Huge setback for Pakistan as talks with IMF hit a roadblock, political instability could dent economic revival process


Cash strapped Pakistan has a tough road ahead

In a major setback to cash starved Pakistan, its negotiations with the International Monetary Fund for a bailout package has hit a roadblock. The two sides failed to reach a consensus.  The IMF has stressed the need to remove the existing subsidy on fuel and electricity. While former prime minister Imran Khan, just before exiting office, slashed prices of petrol and other commodities till the Budget Session in June, the Shehbaz Sharif government has not been able to roll back the subsidies amid soaring inflation.

The subsidies would cost about $2.1 billion to the exchequer. 

Pakistan’s economic situation is deteriorating rapidly with its rupee breaching the 200 to a US dollar level for the first time amid falling foreign exchange reserves.

Analysts told India Narrative that the current political turmoil driven by former prime minister Imran Khan’s anti government rallies and protest marches along with the rise in violence especially against Chinese expatriates and several projects under the China Pakistan Economic Corridor (CPEC) could further dent investments and business sentiments in the South Asian nation, which is desperately looking at ways to avert a debt default.

Foreign direct investment (FDI) inflow into the country is also slowing. Data published by the State Bank of Pakistan revealed that FDI inflow in the first 10 months of 2021-22 was down 1.6 per cent on a year-on-year basis to $1.45 billion. What is worrisome for Pakistan is the thinning of FDI inflow from “iron brother” China.

Chinese FDI into Pakistan decreased 49.1 per cent on a year-on-year basis to $355.8 million during the July-April period. Pakistan’s financial year commences from July.

Karachi based newspaper Dawn said, the FDI inflow registered no change over the past year despite the weakening in the external account. “A record-high trade deficit, gap in the current account and a steep fall in the value of the local currency against the dollar and other major currencies have contributed to the weakening of the country’s external sector,” it said.

Amid rising economic uncertainties in Pakistan, investments among other things will be critical to accelerate industrialisation and provide jobs to its growing population

“Pakistan desperately needs to increase investments but for any economy to do well and draw investments, political stability is key..unfortunately for Pakistan, that does not seem to be the case,” a foreign policy watcher told India Narrative. An increased inflow of FDI would also push the country’s dwindling foreign exchange reserves.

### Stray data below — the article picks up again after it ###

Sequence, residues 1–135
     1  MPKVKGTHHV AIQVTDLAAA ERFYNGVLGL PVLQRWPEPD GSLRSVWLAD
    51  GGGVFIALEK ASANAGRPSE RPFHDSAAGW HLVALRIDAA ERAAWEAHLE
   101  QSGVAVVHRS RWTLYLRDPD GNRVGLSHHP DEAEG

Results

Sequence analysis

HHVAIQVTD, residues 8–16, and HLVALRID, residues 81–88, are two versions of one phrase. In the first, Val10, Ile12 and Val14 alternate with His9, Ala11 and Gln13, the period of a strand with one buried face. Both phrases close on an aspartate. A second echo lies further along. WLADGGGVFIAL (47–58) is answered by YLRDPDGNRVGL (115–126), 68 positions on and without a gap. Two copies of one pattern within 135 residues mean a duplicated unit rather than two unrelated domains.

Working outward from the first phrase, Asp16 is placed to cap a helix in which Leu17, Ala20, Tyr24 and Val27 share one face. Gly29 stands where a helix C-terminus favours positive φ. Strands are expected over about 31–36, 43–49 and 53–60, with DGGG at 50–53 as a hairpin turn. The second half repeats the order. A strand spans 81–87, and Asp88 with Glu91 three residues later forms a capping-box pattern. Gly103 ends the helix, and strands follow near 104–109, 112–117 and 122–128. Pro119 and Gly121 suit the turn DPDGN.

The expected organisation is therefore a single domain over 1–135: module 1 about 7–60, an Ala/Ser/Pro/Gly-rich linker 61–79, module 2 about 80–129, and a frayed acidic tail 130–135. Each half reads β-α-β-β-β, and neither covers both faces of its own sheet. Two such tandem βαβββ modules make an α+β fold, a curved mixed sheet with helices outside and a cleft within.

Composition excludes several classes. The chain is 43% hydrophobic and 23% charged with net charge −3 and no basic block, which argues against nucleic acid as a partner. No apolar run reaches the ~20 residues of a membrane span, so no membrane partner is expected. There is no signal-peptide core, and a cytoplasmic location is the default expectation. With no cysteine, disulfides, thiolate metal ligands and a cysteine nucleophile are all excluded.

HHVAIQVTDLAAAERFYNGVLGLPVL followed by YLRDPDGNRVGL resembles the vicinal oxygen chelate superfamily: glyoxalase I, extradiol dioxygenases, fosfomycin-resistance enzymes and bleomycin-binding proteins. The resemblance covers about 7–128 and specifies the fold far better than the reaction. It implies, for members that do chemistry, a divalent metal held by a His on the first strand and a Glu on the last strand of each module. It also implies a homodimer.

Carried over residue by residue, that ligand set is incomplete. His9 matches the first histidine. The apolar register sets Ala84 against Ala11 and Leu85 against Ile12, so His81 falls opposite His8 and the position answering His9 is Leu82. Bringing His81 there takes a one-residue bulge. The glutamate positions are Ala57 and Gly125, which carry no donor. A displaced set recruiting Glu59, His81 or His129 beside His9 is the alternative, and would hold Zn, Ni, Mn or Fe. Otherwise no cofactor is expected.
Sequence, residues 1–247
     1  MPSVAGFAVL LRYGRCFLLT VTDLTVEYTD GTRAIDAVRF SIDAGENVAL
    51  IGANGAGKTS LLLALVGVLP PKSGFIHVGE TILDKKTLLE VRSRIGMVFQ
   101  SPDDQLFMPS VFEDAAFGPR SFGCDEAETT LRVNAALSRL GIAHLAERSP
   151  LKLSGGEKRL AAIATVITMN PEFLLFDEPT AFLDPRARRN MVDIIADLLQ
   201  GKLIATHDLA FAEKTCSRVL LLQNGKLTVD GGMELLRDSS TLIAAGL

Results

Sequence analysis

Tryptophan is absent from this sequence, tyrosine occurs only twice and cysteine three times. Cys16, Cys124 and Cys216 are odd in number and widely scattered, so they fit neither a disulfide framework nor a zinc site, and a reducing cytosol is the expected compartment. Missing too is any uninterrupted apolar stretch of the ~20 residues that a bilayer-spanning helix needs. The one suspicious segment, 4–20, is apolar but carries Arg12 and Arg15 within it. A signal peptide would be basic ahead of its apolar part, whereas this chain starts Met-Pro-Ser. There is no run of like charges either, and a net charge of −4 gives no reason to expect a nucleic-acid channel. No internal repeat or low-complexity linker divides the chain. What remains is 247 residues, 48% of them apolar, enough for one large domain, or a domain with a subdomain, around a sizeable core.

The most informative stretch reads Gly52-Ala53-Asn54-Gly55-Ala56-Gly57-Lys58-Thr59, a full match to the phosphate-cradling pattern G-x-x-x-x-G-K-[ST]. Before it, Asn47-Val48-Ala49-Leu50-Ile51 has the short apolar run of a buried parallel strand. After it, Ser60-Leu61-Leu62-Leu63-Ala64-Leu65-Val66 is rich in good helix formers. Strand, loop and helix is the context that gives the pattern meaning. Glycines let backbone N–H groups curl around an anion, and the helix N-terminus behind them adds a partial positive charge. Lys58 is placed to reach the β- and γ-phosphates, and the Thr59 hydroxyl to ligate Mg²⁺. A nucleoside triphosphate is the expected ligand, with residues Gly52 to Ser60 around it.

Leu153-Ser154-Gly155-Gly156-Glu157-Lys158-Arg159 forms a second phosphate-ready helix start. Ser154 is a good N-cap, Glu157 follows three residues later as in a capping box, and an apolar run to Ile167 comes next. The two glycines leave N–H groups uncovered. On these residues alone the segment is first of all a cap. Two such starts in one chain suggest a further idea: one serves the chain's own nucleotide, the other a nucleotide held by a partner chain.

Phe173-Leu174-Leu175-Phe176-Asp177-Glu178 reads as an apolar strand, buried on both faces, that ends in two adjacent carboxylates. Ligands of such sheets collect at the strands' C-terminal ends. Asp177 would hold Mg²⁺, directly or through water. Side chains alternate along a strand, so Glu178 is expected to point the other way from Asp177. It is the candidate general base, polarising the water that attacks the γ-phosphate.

Voices rising against Pakistan’s single point focus on Kashmir

With the economic situation turning critical, there is a growing chorus within the country that Islamabad should focus on solely on reviving the economy and not emphasise on “issues that are not core such as Kashmir.”

“Whenever people or policymakers talk of normalising trade with India, the narrative is taken over by the Kashmir issue…it has not helped the country and will not in the near future. It is time that the administration and policymakers take pragmatic decisions to steer the country out of this situation,” an analyst who has been closely monitoring the South Asian region, told India Narrative.

Earlier, Pakistan’s business tycoon Mian Muhammad Mansha underlined the need for Islamabad to build bridges with India to boost trade and economic growth. However, he came under severe criticism from a section of the society. Former ambassador to India Abdul Basit lashed out at Mansha saying that until the Kashmir issue is resolved, normalisation of relations with India would never be a reality.

An article in Pakistan based Dawn highlighted that Bangladesh, which started off as a poor cousin of Pakistan after the bitter 1971 war, has emerged as a strong economy in the last five decades. Bangladesh Prime Minister Sheikh Hasina, the article noted, has successfully steered the country away from extremism and radicalism.

“Bangladesh sees its future in human development and economic growth. Goal posts are set at increasing exports, reducing unemployment, improving health, reducing dependence upon loans and aid, and further extending micro credit,” an article carried by the Pakistan based Dawn said in 2019. “For Pakistan, human development comes a distant second. The bulk of national energies remain focused upon check-mating India. Relations with Afghanistan and Iran are therefore troubled; Pakistan accuses both of being excessively close to India,” the article added.

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